I realized that just as the toddler in the sermon illustration, I was crying because my expectations were not being fulfilled. A doctor's appointment didn't go the way I had wanted it to. My husband didn't act the way I had expected him to act. The scale didn't say what I wanted it to say (quite the reverse, actually!). I had expectations, and they were not fulfilled.

Fast forward a week. I'm working on some interview questions for the Romantic Notions Newsletter that goes out with each month's shipment of books. One of the questions asked was:

What is the most important message that you want your readers to gain by reading your book(s)?

After a lot of thought, I came up with this:

I want my readers to know that our most teachable moments tend to come when our expectations are not being fulfilled.

I don't know about you, but I'm not at my most teachable when things are going great. I tend to float on the surface, doing the good things, and not facing any conflict or life lessons. It is not until something unexpected comes along, some conflict, some catastrophe occurs, that my heart is contrite, broken, weak, a mess. THEN I am teachable. Then I can learn a lesson that changes my outlook and my behavior. And that's what happens to my characters too. I throw a conflict at them, and they are forced to evaluate their thinking, beliefs, and actions and make changes.

So, have you had a teachable moment recently?
Was it due to an expectation not being fulfilled?
What is it that you want your readers to gain by reading your stories?

Wednesday, August 19, 2009

One Sheet

So, all the buzz this last month before the ACFW Conference is centered around mental and phyiscal preparation. One of the big facets of preparation is the One-Sheet/Pitch Sheet/Sell Sheet. This piece of paper goes by a lot of names, and it causes a lot of consternation and fear in unpublished authors, but basically it's a sheet of paper that tells what you've written and why you think it is cool. It is to be used during your agent or editor appointments or if you happen to have a moment with an agent, editor, mentor, or otherwise interested party to help you organize your thoughts and give you something to refer to and/or hang on to so your hands won't shake.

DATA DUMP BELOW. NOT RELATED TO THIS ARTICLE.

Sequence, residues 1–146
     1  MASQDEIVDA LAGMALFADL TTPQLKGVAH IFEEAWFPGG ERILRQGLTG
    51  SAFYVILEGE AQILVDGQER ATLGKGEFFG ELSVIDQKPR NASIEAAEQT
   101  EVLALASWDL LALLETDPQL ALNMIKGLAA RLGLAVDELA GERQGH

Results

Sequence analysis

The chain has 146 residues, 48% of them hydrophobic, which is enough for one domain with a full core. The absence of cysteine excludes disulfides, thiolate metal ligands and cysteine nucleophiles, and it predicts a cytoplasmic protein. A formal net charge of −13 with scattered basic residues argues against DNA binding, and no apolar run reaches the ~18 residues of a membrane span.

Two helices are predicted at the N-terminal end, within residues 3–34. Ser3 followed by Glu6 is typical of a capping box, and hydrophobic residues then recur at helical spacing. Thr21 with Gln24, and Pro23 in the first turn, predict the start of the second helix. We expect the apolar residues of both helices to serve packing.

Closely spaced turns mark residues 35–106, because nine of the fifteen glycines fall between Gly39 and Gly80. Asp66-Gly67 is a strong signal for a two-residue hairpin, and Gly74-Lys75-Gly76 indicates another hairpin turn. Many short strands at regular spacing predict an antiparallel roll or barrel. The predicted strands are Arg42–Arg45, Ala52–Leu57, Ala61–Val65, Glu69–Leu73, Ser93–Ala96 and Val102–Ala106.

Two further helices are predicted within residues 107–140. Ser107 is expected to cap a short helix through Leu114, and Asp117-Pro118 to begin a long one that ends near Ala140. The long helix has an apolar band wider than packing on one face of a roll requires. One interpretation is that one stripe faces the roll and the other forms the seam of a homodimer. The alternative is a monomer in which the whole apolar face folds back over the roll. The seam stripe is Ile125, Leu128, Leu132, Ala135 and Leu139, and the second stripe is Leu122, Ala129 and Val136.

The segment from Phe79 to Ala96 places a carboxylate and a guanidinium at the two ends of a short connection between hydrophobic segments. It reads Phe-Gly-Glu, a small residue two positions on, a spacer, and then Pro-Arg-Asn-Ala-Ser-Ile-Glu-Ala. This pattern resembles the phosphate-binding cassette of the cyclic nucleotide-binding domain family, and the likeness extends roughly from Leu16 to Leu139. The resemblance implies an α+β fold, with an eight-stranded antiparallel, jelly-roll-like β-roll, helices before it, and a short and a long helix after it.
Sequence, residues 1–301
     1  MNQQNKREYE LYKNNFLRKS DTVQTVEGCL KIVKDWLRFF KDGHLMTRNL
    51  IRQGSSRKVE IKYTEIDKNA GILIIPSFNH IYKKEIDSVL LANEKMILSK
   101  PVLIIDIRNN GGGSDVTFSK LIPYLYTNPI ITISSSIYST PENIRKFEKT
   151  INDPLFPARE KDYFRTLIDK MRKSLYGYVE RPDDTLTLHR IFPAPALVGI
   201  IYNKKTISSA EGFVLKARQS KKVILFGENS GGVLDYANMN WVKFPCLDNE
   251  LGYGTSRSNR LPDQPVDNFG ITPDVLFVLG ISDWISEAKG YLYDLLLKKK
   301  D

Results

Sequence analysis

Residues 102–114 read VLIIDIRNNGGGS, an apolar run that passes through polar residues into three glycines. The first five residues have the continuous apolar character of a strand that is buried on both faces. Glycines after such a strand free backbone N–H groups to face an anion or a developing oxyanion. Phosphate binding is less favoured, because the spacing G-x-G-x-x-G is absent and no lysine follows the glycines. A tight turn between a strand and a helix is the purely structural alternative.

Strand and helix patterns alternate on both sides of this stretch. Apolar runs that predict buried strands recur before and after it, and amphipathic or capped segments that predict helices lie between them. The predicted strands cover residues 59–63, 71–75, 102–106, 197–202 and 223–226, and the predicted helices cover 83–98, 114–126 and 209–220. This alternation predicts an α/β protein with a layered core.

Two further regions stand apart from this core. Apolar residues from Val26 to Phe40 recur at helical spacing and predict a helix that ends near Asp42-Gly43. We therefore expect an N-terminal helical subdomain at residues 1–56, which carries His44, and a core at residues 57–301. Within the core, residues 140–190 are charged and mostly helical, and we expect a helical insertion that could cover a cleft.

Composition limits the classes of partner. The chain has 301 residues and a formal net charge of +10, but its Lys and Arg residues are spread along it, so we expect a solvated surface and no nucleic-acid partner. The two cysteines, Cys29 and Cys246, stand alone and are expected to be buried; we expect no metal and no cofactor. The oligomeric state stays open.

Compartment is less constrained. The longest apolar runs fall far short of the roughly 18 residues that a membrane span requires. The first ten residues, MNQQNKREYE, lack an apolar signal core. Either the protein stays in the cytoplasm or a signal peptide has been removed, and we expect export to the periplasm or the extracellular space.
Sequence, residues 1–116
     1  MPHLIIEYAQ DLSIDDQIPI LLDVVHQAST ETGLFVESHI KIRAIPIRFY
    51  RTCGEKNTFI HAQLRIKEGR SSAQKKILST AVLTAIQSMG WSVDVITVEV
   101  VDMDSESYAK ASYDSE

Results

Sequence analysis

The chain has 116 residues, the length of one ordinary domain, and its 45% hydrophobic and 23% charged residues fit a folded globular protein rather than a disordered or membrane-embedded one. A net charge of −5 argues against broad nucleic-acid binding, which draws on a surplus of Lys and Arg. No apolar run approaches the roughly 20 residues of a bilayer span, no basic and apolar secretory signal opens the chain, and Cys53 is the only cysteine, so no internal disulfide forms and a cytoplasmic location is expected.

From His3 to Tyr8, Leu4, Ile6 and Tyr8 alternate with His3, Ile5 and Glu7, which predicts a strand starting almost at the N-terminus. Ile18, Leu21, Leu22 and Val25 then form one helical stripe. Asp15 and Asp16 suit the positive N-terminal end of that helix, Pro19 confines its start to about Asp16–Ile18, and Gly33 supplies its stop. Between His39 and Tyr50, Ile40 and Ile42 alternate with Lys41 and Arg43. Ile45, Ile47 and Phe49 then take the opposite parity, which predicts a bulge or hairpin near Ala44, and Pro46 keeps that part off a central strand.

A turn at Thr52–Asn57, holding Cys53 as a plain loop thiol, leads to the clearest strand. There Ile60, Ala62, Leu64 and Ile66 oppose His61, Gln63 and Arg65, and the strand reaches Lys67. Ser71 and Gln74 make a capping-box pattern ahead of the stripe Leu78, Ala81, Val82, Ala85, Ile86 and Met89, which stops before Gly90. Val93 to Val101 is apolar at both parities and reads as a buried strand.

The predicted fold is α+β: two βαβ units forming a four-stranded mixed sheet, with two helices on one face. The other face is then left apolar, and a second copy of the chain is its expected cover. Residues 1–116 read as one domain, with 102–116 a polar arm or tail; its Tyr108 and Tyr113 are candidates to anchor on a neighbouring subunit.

Often I hear the question "What goes on a One-Sheet?"
So I thought I would show you the One-Sheet I used to help sell my first novel. I'll walk you through what I put on it, and hopefully, the picture isn't so small and grainy that you can't tell what it is. I think if you click on the picture you should see it a little bigger.
I created my One-Sheet using a newsletter template from Microsoft and Microsoft Publisher 2007. By fiddling with the colors and the text boxes, I arrived at a layout that I liked so much, I've continued to use it for each One-Sheet I've prepared since.
As you can see, I chose to use the front and the back of the sheet. I got tons of information on the back that helped focus the book specifically for the publisher I was targeting.
On the front:
  • A picture that illustrates the book--theme, historical era, something that gives the flavor of the story. That's why I chose black and white for the picture.
  • Contact information (removed here for obvious reasons) for both myself and my agent.
  • Story genre and word count.
  • A hook line.
  • The title of the work and the author's name again.
  • A brief overall summary of the story.
  • Very brief character GMC's.
  • Author photo and brief bio. (I put my new photo on the sheet for the purpose of this demonstration, but used the one I had from two years ago when I actually pitched this story at the conference.)
On the back:
  • The title and author again.
  • Setting of the story. Because this was targeted at Heartsong Presents, there were several pieces the editor was looking to see. One is the setting, in this case, Historical Minnesota. A description of an actual historical event that spawned the story, as well as the time period of the book.